The state trooper got out of his vehicle and sauntered over to my side, moving his hand in a circle to indicate I should roll the window all the way down.
“Let me see your license and registration,” he ordered Mother darling. He looked ten feet tall to me and broader than Grandpa.
Mother darling hurried to dig it all out of the glove compartment and her purse. It took a while, and all that time, he stood there glaring at me. I’m caught again, I thought sadly.
He took the license and the registration.
“Where are you going?” he asked as he read it.
bsp; “To Nashville, Officer. I’m a singer and I have an opportunity to improve my career. My daughter and I are goin‘ to start a whole new life,” she continued. I thought she was pathetic, trying to sound so sweet and innocent.
He didn’t smile.
“Do you realize,” he began, looking more at me, “that you could start a serious fire tossing lit cigarettes out of the window and into the dry grass back there?”
“Oh,” Mother darling said, obviously relieved I wasn’t being arrested for shoplifting. “Yes. I mean, no. I didn’t realize she had thrown a lit cigarette out the window. I thought she had snuffed it out. Didn’t I tell you to do that first, Robin?” she demanded with a face full of steam.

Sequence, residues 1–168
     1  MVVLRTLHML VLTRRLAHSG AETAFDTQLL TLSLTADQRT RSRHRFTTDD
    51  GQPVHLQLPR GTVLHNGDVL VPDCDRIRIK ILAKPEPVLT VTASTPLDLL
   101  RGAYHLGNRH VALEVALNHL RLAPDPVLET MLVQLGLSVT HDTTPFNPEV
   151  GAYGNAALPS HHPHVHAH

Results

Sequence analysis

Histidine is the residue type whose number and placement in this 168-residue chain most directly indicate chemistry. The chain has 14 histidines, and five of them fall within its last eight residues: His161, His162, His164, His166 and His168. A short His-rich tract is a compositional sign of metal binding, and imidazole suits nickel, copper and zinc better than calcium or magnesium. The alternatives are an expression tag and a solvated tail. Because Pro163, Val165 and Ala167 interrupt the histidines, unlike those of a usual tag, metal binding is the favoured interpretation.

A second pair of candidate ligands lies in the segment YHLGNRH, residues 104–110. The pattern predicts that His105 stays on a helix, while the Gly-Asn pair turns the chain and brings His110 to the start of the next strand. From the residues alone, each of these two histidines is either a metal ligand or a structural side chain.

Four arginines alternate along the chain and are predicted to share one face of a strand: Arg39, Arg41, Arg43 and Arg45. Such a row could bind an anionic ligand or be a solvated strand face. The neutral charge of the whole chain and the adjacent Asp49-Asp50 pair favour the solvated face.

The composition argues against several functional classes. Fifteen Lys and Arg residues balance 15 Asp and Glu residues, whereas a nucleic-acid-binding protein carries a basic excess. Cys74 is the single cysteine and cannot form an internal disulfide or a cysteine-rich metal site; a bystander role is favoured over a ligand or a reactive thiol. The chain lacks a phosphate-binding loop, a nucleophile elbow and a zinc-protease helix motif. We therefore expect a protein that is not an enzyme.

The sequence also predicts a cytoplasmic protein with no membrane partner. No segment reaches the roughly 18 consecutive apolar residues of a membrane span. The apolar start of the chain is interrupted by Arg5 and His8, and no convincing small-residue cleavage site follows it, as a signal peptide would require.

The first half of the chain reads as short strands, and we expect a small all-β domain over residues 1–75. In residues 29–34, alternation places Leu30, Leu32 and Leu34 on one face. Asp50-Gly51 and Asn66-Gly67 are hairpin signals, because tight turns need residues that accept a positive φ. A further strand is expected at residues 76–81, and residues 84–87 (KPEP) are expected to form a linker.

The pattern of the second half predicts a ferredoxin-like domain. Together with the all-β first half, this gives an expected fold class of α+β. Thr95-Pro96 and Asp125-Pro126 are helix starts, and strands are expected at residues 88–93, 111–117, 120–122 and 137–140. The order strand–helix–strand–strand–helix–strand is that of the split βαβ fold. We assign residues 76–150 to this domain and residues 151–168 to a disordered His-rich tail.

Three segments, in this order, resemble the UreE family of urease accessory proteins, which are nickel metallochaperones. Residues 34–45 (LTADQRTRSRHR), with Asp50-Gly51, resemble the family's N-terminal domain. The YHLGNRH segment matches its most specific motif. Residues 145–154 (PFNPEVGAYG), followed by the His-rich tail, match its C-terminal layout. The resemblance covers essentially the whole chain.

I looked at her without answering. He would have to be a very stupid policeman to buy that, I thought.
“We’ve had some serious fires here recently, and with the drought and all…”
“Oh yes, Officer. You’re absolutely right. We weren’t thinkin‘. You know how two young women can git sometimes. We were listenin’ to music and talkin‘ because we’re so excited about startin’ a new life.”
“Umm,” he said. “I really should cite you for this.”
“We don’t have much money,” she wailed. “Just enough to get ourselves goin‘. I swear we won’t do anythin’ like that again. Will we, Robin?”
“No,” I said dryly. “Never again.”
“All right. You watch it, and watch your speed. I notice your right rear tire is too worn. You had better get that changed soon.”
“Oh. It’s so like me to neglect my car. But,” she said, flicking her eyelids, “I never neglect my men.”
He finally laughed.
“I’ll bet,” he said. “Have a good trip.”
“Thank you kindly, Officer,” she told him.
I could have puked, but I swallowed hard, closed my eyes, and pressed my lips shut.
“Okay. Good luck in your career. What’s your name in case I hear about you later?”
“Kay Jackson,” she said. “And you will hear about me.”
He broke a smile, tipped his hat, and returned to his car.
Mother darling released a hot, trapped breath.
“There,” she said, satisfied with herself. “Let that be a lesson to you. If you’re nice to people, they’ll be nice to you. Especially men,” she added, and started away.
“If you’re so nice to them, how come you never had one ask you to marry him?” I asked.
In my heart of hearts, I thought the reason was really me. Most men didn’t want to marry a woman who had a child to raise, and as I grew older, that became more and more a problem. I used to have nightmares in which Mother darling did decide to marry someone, but only if I remained with Grandpa and Grandma. She would come to me in the dark dream and say, “You can’t expect another man to take on the responsibilities of raisin‘ someone else’s child, now can you, Robin? I’m sure you understand.” I’d wake up as she was leaving the house, and for a long moment, I would wonder if it hadn’t happened. The dream was usually that vivid.